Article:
In essence, we’d love everybody to do the best they can to embody the period based on their means and abilities. This doesn’t mean we expect everybody in perfect reenactment quality costumes.

The Tudors TV Series obviously had some incredible costumes but also a budget beyond the range of most larpers for one weekend. But check out Reign, which went for a potentially much easier take on Tudor fashion by restyling more modern clothing, particularly dresses, to fit the aesthetic if not exactly the history – that would be fine here too.


Here’s our Pinterest board with costuming images and ideas.

Good tv show inspiration includes:

The Tudors TV Series had some incredible costumes,  but also a budget beyond the range of most larpers for one weekend.

Reign went for a potentially easier take on Tudor fashion by restyling more modern clothing – this would be fine here too.

Key costume elements

These are some suggestions of key elements which would be excellent to see in costumes.

Female characters


Female characters should wear some kind of dress. Anybody in a dress will be assumed to be a female character. There is no requirement to change or disguise your body shape. Male characters should not wear dresses.

Headgear, covered hair

Women wore their hair up and covered in most social situations. Hair worn down, loose and uncovered is scandalous. This page has some excellent resources for Tudor headgear.

Two iconic items of the period are French hoods and Spanish hoods.

French hoods

The French hood is more modern and ‘racy’, particularly when worn further back with more hair on show. It could be popular with people who want to distance themselves from older ideas. It’s quite easy to make a French hood with some some fabric, some cardboard and a velvet Alice band, you can also buy them on places like etsy. Here’s a tutorial

Spanish hoods

The Spanish hood is considered quite conservative in style and is associated with Catholics like Catherine of Aragon.

A Spanish hood is a more complex project to make, but still possible with a tutorial like this.

An easier, but similar looking alternative is the transitional hood.

Other headwear

Fancy hats are later in period and tend to be Elizabethan in reality, but they’ll be fine for our purposes, especially for fashionable people. This resource has some good Tudor hat ideas for women.

Elements of uniformity

The appearance of women in a court would be heavily influenced by their Queen. Obviously everybody is different and will have access to different levels of costume. It would be good to see the female characters of a court create some uniformity of costume that helps people quickly associate them with their queen. For example all pick a matching accessory such as a coloured sash that matches the Queen’s dress, or match their headgear or hairstyle as much as possible.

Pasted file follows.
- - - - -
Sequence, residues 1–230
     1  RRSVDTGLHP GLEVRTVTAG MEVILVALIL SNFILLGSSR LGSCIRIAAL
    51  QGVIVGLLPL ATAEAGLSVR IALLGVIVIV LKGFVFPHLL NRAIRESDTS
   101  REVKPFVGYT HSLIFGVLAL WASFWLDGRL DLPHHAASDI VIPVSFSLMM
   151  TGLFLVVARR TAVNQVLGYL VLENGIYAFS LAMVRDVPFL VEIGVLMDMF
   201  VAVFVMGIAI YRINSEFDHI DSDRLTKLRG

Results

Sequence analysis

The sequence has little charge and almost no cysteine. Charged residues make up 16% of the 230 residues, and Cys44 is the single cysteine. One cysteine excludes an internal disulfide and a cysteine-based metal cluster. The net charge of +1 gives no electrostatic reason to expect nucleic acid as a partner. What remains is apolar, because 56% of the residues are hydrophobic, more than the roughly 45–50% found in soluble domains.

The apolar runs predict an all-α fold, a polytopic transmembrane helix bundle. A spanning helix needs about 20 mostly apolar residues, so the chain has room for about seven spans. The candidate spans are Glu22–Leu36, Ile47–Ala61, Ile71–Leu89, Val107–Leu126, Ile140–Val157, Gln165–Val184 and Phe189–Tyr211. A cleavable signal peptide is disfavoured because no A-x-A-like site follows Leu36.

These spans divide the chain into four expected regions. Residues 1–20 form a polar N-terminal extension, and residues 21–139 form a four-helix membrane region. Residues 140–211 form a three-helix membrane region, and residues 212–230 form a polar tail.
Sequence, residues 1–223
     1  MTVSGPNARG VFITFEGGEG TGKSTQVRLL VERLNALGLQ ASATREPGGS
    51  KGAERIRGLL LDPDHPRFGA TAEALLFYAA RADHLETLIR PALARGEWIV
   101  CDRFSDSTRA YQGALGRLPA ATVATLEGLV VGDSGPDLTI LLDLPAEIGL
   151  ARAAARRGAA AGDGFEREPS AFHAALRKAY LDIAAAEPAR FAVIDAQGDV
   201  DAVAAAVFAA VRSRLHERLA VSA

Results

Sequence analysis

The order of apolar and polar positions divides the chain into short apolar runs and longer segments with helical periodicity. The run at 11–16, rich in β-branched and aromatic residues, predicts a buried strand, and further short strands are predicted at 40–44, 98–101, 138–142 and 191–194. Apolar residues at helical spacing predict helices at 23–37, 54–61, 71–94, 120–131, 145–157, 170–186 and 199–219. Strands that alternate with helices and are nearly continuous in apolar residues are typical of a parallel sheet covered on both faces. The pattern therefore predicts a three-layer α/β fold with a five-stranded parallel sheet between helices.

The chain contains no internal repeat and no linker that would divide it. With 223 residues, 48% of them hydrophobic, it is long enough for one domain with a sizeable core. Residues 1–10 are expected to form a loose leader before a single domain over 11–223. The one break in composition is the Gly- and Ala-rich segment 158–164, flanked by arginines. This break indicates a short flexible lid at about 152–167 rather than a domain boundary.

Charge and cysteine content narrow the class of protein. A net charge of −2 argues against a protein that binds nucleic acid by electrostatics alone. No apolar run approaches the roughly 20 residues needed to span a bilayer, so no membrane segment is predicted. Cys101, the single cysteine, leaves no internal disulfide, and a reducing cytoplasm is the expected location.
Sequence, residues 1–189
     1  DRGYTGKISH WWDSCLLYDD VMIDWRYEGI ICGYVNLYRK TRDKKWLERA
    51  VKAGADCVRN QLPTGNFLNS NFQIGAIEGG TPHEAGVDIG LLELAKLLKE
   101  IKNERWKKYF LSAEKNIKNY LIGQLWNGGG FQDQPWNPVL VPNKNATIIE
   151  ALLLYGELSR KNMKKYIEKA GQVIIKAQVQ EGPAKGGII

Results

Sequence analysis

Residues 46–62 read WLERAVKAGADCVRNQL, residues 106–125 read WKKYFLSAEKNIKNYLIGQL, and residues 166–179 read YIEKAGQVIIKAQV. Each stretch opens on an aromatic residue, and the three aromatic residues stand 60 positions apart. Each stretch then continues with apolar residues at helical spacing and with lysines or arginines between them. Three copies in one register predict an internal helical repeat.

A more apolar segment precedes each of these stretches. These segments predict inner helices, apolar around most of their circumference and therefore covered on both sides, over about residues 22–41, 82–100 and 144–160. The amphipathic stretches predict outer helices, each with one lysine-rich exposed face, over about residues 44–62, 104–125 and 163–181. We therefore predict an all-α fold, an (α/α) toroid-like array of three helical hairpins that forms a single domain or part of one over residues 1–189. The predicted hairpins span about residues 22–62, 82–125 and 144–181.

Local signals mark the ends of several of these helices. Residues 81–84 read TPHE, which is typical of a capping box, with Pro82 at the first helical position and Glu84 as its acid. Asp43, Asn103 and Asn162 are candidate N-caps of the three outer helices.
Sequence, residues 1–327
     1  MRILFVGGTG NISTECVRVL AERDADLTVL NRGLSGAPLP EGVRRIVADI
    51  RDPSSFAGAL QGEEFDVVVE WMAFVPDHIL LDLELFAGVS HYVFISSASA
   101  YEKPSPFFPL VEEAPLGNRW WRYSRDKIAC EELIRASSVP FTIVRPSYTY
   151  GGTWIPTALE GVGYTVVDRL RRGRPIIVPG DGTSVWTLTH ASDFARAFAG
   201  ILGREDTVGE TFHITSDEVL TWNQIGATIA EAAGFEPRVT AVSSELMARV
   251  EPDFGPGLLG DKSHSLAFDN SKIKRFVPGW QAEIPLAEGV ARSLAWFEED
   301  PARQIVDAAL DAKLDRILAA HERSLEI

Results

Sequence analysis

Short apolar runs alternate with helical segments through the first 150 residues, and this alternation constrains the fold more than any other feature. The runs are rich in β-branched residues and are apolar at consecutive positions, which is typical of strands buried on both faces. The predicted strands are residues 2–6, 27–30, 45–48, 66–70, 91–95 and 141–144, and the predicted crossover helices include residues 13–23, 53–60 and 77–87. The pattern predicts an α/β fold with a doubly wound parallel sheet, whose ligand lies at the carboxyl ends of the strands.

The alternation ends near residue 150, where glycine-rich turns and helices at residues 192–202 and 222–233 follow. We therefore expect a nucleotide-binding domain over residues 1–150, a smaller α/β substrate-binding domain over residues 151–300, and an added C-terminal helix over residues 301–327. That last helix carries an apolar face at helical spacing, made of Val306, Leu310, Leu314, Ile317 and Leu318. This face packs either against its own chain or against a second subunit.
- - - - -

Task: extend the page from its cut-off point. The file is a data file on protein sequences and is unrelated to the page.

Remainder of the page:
Male characters

Legwear: don’t wear a dress

Male characters should wear some kind of hose or trousers. Anybody not wearing a dress will be a clearly male character. There is no requirement to change or disguise your body shape.

Doublets, jackets and capes

Male characters can get a long way with some kind of doublet or jacket over a white cotton or linen shirt. You can’t go wrong with a half-cape either.

Clergy wear robes and hats

Clergy should wear some kind of robe and ideally a hat. This could be anything from a Bishop’s mitre to a Cardinal’s biretta to a simple skullcap. In history, colours of priest robes had significant implications to their rank in their church, but that is not important for the game.



Jewelry was huge statement of wealth and status – consider rings, necklaces, livery collars, brooches, etc.
Hats can add a lot to a character.
Male clothing didn’t have pockets, pouches are a good option.

Dress for the character

At the risk of stating the obvious, look at your character and have a think about what kind of person they are and how you might easily bring that into their costume. Here are some examples:

  • Lutherans usually dress very plainly and in dour colours. Catholics may show off their wealth more and wear gaudy religious jewelry. 
  • English noblemen might display a coat of arms, livery, or personal colours.
  • ‘New Men’ risen up from the middle classes might dress and accessorise as garishly as possible to show their newfound status.
  • Old noblemen from ancient lines might wear sumptuous but understated fabrics, relying more on their family name to convey their status.
  • Men in the Privy Council might wear a livery collar.
  • Female Catholics might favour Spanish hoods or conservative hairstyles with no hair on show, but wear rich fabrics. 
  • Female characters with a more modern and progressive outlook may favour French hoods and show a little more hair.Younger, flirtatious or scandalous female characters might show even more hair, to the possible disapproval of older members of the court.